March 1, 2019

Reflection / Fr. Joseph Moriarty

Despite brokenness in world, let us embrace our faith even more

For 25 years, I have been a priest of this archdiocese and have only written for The Criterion in my previous ministry as archdiocesan vocations director. But I was happy to respond to their invitation as rector of Bishop Simon Bruté College Seminary in Indianapolis to offer a reflection on the current state of our Church.

Providentially, the other night as I sat in adoration, I believe I truly felt the Lord convicting me to write and share my thoughts.

I do not believe I am an expert at anything. I like to sing, but I cannot read music well. I enjoy fishing, but I am not an avid fisherman. I enjoy making and sharing family recipes, but I am no chef or master baker. I try to be a good Christian, and I take seriously my promise at ordination to conform my life to Christ as a Catholic priest, but I acknowledge I am a sinner.

My vocation to the priesthood was inspired by my parent’s marriage of 59 years. I observed in Mom and Dad’s marriage that when things got rough, they never fled but committed themselves more deeply to what they loved, namely God, their nine children, the Church and each other.

I love being a priest, and I believe the world needs priests because I know the world needs the Eucharist. Without the Eucharist (God’s presence in the world), I believe the world would be in a worse state than it is, and we all know it is in a pretty bad state.

Similarly, our Church struggles with sin. Failed leadership and broken trust among clergy has wreaked havoc in the lives of too many, and just when we think it cannot get worse, it does.

I do not have answers to all these issues, but I sense God most calling me in this time to embrace my call to the priesthood and pour myself ever more deeply into this vocation I love and believe in. Thus, I pray! For victims, I pray! For God’s people, “the Church,” I pray! For bishops and for priests, healthy and hurting, sinful and broken, I pray!

Of course, there are other things I can do in this difficult climate in our Church. I can seek to celebrate the sacraments more reverently and authentically, because as previously mentioned, our world needs God, and sacraments mediate God’s salvation. I can also share hope with others.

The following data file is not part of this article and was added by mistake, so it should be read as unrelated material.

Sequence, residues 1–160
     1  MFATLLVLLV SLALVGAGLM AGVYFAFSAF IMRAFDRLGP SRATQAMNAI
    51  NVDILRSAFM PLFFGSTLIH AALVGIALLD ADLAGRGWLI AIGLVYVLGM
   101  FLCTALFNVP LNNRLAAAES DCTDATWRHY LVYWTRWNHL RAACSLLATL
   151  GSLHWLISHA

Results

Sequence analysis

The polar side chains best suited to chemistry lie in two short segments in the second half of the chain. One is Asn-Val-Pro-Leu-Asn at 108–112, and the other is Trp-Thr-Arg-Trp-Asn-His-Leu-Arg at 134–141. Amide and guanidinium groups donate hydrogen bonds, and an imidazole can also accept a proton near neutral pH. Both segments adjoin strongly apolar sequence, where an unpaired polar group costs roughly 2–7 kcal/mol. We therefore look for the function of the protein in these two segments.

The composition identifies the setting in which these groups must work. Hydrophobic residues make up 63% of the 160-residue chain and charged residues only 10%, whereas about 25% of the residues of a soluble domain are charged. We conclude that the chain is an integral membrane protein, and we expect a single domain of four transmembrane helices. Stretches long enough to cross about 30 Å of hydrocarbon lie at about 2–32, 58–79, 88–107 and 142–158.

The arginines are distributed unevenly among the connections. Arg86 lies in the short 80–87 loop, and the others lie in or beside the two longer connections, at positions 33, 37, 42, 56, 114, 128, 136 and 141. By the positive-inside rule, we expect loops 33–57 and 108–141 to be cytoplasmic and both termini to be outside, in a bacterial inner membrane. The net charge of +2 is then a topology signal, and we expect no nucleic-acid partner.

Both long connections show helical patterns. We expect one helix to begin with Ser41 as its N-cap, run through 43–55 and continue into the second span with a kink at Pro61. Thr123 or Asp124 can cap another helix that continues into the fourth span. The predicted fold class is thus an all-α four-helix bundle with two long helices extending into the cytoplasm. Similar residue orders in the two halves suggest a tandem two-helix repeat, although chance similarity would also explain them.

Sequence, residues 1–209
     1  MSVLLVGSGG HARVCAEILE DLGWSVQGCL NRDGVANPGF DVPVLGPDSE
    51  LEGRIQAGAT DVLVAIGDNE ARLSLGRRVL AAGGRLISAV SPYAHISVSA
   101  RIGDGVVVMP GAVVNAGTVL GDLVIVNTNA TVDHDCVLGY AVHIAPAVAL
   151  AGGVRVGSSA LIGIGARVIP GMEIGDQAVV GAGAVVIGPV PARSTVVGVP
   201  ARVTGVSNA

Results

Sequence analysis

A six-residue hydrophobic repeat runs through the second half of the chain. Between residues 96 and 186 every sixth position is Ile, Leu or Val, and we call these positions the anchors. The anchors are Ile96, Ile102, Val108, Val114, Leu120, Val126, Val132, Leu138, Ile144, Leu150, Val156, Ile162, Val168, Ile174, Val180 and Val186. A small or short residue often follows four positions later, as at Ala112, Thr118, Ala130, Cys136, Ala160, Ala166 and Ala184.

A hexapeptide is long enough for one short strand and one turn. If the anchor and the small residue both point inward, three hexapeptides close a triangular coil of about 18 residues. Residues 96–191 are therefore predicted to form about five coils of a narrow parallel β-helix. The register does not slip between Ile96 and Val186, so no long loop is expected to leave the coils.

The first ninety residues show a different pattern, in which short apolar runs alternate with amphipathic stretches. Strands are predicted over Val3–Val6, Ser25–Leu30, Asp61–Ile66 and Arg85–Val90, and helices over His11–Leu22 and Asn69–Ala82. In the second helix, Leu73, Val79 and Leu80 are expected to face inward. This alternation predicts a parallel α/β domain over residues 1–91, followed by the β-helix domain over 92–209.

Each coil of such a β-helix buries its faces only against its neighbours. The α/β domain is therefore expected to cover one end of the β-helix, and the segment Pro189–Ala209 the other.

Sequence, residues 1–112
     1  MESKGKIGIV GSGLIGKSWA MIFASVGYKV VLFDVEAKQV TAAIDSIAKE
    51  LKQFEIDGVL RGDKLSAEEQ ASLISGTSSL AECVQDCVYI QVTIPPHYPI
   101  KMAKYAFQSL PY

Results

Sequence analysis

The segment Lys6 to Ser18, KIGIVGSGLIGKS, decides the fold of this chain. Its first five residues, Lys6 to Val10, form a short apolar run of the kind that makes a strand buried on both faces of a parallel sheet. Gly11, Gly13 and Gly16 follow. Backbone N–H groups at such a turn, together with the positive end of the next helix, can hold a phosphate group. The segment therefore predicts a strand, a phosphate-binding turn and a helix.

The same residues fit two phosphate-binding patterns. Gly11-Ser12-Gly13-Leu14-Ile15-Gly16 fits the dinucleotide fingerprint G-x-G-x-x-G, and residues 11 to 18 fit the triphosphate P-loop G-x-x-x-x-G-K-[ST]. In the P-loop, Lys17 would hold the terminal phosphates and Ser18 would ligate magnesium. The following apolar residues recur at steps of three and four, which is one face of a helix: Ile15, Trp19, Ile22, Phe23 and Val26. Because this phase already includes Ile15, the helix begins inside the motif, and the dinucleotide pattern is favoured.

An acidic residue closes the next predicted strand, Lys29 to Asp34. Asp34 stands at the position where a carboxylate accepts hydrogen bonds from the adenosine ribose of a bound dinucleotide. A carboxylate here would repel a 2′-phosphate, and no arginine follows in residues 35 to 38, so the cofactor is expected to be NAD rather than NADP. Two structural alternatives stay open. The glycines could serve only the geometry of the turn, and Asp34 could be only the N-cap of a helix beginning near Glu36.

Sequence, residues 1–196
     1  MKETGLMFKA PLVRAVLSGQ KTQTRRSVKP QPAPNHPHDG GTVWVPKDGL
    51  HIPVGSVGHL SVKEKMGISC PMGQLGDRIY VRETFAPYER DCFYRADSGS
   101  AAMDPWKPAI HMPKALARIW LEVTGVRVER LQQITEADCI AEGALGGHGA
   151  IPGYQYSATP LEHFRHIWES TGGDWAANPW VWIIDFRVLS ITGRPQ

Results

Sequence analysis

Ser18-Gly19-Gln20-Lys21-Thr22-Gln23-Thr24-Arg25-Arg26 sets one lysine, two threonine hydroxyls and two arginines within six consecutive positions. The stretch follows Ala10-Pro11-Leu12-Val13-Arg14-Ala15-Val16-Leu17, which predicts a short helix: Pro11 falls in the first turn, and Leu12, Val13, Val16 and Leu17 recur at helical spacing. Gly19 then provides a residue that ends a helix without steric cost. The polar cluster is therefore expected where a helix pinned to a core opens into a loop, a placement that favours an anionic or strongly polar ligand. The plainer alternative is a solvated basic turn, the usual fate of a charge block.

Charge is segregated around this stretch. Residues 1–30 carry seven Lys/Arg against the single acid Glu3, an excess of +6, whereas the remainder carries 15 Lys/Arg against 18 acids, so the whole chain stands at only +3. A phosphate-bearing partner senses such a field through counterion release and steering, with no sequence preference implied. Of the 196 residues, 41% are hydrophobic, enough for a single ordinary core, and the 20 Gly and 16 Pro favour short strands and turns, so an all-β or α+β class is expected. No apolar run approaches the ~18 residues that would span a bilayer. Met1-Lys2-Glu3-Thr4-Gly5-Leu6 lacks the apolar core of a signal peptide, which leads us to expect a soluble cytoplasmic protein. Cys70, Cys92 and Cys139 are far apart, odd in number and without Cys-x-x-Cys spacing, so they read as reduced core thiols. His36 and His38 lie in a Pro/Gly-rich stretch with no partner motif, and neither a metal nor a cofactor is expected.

I see hope daily alive in so many I work with and encounter, but especially in the 39 college seminarians I am privileged to live with and minister to at Bishop Bruté. I am edified daily by the witness of faith in these men.

Be it in a formation conference or sitting quietly with them in adoration, I see men who love God, love the Church and desire to love God’s people who are the Church. I see men who are authentically seeking to grow to the true potential of who God calls them to be.

We live in a broken world, but amid this brokenness we are ever called as Christians to fall more in love with God, and in Christian charity to help and love one another.

This year has not been an easy year for the seminarians of Bishop Bruté. Beyond the deplorable, heinous and reprehensible behavior of some bishops and priests, the seminary community has grieved the loss of its spiritual director, Father Thomas Widner, a Jesuit priest who served Bishop Bruté for close to eight years and passed away unexpectedly last summer. Our lives are not the same without him. In all this scandal and loss, the seminarians carry on.

When others might discern to flee the Church or at least question his or her relationship to the Church, these men are trusting God and embracing the Church more. To these men and all of us on this path of Christianity I say, thank you, keep going and stay faithful. Your example and witness matters.

(Father Joseph Moriarty is rector of Bishop Simon Bruté College Seminary in Indianapolis.)

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